“It's a great romantic story; but it was just a depraved killer whose fury became worse - as most modern serial killers' does.”

Bryan's approach was partly inspired by Anthony Grey's novel Saigon, which follows the life of Joseph Sherman from the time he arrives in the city in 1925, as a teenager, to his final departure when the Americans withdraw in 1975. “I liked the idea of using a true story and weaving some fictional characters. I thought I could do that with the Ripper.”

His time as a traffic patrol officer in the 1990s, working out of Bow, helped provide a sense of atmosphere.

“When you were working night duty, you would creep around different parts of the East End in the early hours, and quite often I'd find myself around Shoreditch and Whitechapel, and off Commercial Road and Bethnal Green, and it gave a sense of what it would have been like.

“There are a lot of streets there that are as were. If it was quiet and you turned the engine off and went to have a look around - maybe under some railway arches - you did get a sense of what it might have been like, because the buildings are effectively the same.”

In fact, in some ways life goes on in very similar fashion to 1888. The area has traditionally had a transient, shifting population, he says. Whereas problems used to be fuelled by alcohol, now it's drugs. Similarly, street gangs and turf wars are nothing new; instead of yesteryear's flat caps and scarves, contemporary gang uniform features hoodies.

Terrorism is not a solely-modern phenomenon, either. In the 1860s and 1870s London saw attacks by Irish-American groups. Six people were killed in Clerkenwell, for instance. The Home Office, the House of Commons and Scotland Yard were also targeted. As Bryan says: “There are many parallels with today's society.”

When it came to writing, he didn't find it too difficult to hit the right spot with his dialogue.

“I tried to avoid cliché. And it's only 100 years ago; the way people spoke wasn't that much different. In fact, many people then were probably more articulate than now!”

He smiles at the thought of one episode: a drunken prostitute's rant.

“Having worked in the East End and seen people lose it, and having listened to their tirades, I know exactly how people talk! Every time I read that bit, it makes me laugh.”

There's been “a massive amount” of interest from colleagues in the Met. One or two have had surprising queries, such as why he killed off a paperboy. “I had to say 'Well, it's relevant to the plot!'”

Whitechapel is available on www.amazon.co.uk, www.authorhouse.co.uk, at Hannays bookstore in Braintree, or via bookshops by giving the ISBN number: 978-1-4259-6181-7

AT the centre of Whitechapel (the book) is an astute Victorian constable called Robert Ford. If Bryan Lightbody has his way, it won't be the last we hear of the fictional policeman.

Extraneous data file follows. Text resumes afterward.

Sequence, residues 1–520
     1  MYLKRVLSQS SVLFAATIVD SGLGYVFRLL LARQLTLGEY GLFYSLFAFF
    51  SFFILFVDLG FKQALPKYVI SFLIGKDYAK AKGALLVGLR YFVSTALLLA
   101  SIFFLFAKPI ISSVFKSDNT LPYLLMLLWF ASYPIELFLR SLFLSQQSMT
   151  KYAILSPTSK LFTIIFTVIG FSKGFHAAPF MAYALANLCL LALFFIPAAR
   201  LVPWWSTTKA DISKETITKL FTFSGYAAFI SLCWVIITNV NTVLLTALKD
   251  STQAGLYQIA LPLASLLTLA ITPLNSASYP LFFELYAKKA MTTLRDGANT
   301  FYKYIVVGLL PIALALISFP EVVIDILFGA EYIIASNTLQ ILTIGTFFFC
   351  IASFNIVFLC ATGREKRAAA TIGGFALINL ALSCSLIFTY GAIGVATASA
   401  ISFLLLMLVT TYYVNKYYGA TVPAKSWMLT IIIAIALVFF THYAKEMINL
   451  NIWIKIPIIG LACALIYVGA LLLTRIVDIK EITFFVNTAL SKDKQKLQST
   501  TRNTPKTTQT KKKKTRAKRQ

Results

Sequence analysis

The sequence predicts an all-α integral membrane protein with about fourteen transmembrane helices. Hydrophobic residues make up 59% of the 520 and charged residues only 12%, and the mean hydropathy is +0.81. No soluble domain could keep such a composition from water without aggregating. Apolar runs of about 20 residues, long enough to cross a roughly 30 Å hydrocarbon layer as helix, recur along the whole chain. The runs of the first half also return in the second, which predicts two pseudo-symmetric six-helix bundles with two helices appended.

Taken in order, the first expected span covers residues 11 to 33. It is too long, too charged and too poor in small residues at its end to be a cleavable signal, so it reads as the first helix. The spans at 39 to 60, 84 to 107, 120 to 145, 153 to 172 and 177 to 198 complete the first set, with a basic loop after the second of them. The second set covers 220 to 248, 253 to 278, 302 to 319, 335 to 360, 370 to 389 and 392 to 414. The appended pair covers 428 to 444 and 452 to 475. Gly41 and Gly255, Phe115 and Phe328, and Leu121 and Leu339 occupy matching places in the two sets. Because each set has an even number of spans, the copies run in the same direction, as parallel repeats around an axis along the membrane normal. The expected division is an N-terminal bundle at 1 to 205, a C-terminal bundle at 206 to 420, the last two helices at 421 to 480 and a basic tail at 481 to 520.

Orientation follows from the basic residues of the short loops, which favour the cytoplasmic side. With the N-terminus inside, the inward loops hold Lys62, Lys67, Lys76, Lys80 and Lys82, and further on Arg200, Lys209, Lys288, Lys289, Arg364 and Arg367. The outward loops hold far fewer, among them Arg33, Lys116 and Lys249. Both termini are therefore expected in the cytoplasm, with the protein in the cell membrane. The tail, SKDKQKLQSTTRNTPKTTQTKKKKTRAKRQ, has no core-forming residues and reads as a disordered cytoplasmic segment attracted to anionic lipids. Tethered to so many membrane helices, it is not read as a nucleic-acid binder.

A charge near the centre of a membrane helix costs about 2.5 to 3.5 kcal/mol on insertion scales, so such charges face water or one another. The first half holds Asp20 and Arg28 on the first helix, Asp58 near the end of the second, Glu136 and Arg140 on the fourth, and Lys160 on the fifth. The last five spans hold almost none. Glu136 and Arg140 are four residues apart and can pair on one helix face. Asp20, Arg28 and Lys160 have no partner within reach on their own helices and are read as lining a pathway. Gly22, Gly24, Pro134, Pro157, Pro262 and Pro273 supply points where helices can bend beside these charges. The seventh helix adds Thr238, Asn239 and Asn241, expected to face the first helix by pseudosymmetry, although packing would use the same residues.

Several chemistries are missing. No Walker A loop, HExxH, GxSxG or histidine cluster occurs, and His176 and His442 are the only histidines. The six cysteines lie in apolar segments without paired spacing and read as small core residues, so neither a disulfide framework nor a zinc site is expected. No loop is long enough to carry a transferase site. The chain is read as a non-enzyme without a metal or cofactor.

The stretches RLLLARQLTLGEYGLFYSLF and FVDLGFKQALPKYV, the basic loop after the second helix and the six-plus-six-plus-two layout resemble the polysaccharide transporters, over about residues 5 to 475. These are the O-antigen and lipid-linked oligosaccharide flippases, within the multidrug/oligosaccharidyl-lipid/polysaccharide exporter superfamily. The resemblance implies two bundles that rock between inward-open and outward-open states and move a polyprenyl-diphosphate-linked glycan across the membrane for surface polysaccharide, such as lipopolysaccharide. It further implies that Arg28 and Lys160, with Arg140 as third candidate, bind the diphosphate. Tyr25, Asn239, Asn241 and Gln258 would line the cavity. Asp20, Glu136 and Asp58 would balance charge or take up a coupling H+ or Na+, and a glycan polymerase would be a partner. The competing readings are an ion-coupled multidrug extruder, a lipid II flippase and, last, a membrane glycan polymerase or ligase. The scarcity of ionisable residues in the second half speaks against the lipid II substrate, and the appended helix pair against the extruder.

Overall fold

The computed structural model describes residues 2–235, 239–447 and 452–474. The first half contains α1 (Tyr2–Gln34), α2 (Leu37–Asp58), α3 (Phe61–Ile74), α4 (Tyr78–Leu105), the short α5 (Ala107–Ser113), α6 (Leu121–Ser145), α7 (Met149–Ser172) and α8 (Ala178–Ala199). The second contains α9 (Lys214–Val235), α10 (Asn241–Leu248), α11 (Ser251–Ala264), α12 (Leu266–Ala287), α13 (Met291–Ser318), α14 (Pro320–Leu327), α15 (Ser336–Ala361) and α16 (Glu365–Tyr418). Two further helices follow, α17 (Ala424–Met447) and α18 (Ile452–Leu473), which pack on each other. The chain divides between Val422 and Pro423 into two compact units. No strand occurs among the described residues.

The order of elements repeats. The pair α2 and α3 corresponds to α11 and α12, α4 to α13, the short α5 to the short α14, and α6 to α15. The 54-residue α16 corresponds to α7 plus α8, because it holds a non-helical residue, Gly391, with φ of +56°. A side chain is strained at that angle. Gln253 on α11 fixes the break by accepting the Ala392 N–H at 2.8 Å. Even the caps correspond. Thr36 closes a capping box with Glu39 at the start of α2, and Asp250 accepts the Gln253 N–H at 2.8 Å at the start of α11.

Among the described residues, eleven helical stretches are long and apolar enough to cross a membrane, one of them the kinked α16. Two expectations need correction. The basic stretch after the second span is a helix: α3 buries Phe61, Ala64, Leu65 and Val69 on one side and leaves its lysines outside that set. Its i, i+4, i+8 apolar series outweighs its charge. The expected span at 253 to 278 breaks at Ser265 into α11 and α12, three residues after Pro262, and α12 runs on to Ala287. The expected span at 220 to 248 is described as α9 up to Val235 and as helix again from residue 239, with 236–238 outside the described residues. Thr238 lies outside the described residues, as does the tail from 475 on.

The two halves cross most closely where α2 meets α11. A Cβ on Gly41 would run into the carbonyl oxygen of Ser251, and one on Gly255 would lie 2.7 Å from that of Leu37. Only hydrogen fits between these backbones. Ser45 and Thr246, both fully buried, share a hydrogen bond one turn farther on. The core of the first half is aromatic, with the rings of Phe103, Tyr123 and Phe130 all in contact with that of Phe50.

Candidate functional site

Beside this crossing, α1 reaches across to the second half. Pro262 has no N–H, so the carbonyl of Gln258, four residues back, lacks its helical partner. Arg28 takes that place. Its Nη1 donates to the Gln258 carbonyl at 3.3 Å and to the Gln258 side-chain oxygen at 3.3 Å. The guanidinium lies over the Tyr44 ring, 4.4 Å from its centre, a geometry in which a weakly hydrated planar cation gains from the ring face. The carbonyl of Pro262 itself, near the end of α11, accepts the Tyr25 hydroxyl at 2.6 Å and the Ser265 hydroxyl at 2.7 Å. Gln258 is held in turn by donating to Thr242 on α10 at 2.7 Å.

The author's about 100 pages into his second book. It's a fictional political scandal set in Edwardian London, 15 years on from the Ripper murders. Ford is now a detective inspector, working as a protection officer.

Bryan's also brewing a third tale - set another decade on and destined to see out Ford's career. He'll probably be a detective chief superintendent by then, and the story will likely lead up to the assassination of Archduke Franz Ferdinand, the heir to the Austrian throne - an event that precipitated the First World War.

He would bite the hand off any publisher interested in his work; and is flummoxed by the fad for books by D-list celebrities. “It would be nice to see someone reading a book of mine on the Tube,” says Bryan, who lives near Braintree with wife Christine, a sergeant in the Met.

He hails from Chadwell Heath. Both his parents were from the East End: his mum, a teacher, from Bow; his dad a policeman from East Ham. Until his mid-teens he was keen on following in his father's footsteps, but then flirted with the idea of joining the forces.

After flunking his A-levels he did clerical work for MI5 while aiming to re-take his exams. During that period he helped out in the aftermath of an accident. The experience rekindled his interest in the police and 13 months later he was at the training college at Hendon.

Bryan's career with the Met now stretches nearly 20 years. He spent five years on the beat in Ilford, did traffic patrol in the East End, served as a car and motorcycle instructor at the police driving school in Hendon, and is now in the Special Escort Group.

The Victorian era is not the only historical period of interest. The film Gladiator got him hooked on the Romans. Bryan even joined a group called Britannia - predominantly a fifth-century Romano-British re-enactment society that was involved in the filming of the opening battle sequence in Gladiator.

Over four or five years he's “fought” as a gladiator and has even got a complete set of first-century imperial legionary kit. “It's funny, because walking around it in isn't that different to walking around in police kit. It's probably as heavy as my ballistic kit at work.”

He's done some big weekend re-enactments for the Museum of London; and in 2003 went out to Italy as part of a warm-up act for a Celebrity Gladiators head-to-head involving former boxers Chris Eubank and Nigel Benn.